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March 1, 2011 / Prof Cupcake.

Not really that gritty

True Gritt.


Nothing is as wonderful as the 1970’s very idealized American old west. That mythological land where good guys where beige and the bad guys where black and shoot out often end favorable and the hero always rides off into the sun set with his horse his gun and only the sky for company. So every once and a while an entire town get slaughtered or a bandit mows down the entire staff of a train company but those deaths were always so very mythological to the point that they were more weights on out hero’s troubled mind then the corpses of characters. 19— —– by CLINT EASTWOOD, the original gunslinger changed all that. striped from the west was its color coded cheat sheet to characters true intentions and our ability to easily sluff off the moral weight of a town filled with the dead and dying. He took the western out of the realm of stories and brought it to life as a powerful parable for a generation of men and women grown older while the weight of inescapable inhumanity theaters them to a morbid past.

I was expecting TRUE GRITT to reach equally loft heights. With the large Oscar buzz and it’s very status as a COEN BROTHERS film, I was expecting to come out of the cinema a transformed man. (well at lest one with a transformed view of the Western Genre.) As they have done so deftly before, I was expecting a film that challenged my conceptions of both the genre within they have chosen to work this time as well as the nature of narrative and story. I was expecting this film to expose some quintessential part of human instinct to me like a succulent meat dish served by a penguin coated waiter. So granted I had high expectations and though the film did not utterly disappoint, it is technically brilliant and stupendously acted, it lacked an edge I have come to associate with the COEN BROTHERS unique style of filmmaking.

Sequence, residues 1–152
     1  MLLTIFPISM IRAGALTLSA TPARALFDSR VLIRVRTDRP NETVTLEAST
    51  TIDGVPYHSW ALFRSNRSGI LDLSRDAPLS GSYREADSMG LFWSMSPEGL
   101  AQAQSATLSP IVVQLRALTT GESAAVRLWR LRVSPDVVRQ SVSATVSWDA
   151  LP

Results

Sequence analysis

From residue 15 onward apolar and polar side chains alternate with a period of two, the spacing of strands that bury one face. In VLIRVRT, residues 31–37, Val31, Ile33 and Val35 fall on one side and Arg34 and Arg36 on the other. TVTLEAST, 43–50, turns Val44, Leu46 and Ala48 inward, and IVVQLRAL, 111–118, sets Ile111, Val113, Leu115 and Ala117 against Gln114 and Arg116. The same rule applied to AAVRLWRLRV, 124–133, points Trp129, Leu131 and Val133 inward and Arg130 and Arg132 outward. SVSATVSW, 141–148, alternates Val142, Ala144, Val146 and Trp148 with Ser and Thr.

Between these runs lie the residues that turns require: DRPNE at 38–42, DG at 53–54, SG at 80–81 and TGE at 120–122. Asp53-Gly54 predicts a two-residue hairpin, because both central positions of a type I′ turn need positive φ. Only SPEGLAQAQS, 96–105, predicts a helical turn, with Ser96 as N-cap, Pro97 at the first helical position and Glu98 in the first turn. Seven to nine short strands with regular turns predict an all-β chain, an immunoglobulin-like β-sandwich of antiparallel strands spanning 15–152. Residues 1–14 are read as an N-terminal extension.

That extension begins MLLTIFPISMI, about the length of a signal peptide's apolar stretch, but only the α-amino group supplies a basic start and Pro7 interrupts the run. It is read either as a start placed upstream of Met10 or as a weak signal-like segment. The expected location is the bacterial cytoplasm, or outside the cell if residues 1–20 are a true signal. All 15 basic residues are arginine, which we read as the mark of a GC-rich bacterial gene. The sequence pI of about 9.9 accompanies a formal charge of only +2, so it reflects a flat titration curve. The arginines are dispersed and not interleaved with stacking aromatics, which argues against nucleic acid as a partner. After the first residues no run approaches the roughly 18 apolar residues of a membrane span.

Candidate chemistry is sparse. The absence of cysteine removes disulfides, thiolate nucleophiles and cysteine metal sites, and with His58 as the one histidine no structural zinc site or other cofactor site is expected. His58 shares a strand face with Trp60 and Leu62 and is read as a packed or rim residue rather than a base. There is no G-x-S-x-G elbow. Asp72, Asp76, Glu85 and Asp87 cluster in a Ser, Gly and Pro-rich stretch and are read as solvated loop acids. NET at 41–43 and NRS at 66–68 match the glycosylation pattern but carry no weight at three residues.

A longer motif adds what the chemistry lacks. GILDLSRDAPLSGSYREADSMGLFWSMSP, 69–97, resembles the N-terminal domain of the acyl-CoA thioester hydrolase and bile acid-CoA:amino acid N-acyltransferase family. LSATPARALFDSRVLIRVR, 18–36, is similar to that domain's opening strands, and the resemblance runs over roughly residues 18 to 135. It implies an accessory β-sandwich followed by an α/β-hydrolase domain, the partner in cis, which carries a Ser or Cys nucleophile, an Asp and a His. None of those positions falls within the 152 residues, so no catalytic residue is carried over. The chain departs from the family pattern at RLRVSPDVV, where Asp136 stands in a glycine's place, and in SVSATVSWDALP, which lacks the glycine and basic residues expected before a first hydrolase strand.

True Gritt, follows the stuggle of ever so precocious  MATTIE (Hailee Steinfeld) who after the death of her father at the hands of  Tom Chaney (Josh Brolin) rides into town in the hopes of both setteling his affairs and bringing his killer to justice. After forming a unique and often fragile working relationship with both Marshall Rooster Cogburn (Jeff Bridges) and Texas Ranger LaBoeuf (Matt Damon) they journey deep into the heart of the west in a goose chase for her fathers killer, a man wanted by many.

The plot is traditional and straight forward, being based upon 1969’s True Gritt which of course was based upon True Grit by Charles Portis. As such the narrative is rather traditional and lacks the surrealist edge that has often tinged if not inundated their work. It is also all together unexciting. Slow moving and lacking in any narrative twists and turns the film unfolds before you in a languid fashion. Not that this is strictly a bad thing, it draws to mind the vastness of the plains and the general lack of excitement that must have dominated the west. There are several wonderfully scripted and hilarious exchanges between the characters, which serve to break the monotony yet the film continues with an almost metronomic dedication to monotony.

The acting is superb. Mostly from Hailee Steinfled who is entrancing to watch as Mattie Yet given the strength of her performance, it is hard to see past her and she actually outshines both Jeff Bridges and Matt Damon. Only Josh Brolin in a near cameo performance as Tom Chaney is capable of holding his own against that little 12 year old acting banshee.

While worth the watch for its often eloquent dialogue and stunning acting, the narrative, (potentially do to its dedication to its source material) is rather tired and is not wholly captivating. In verges on being reduced to a strangely gritty feel good film, which I can hardly imagine was the intent, and leaves you wanting more.



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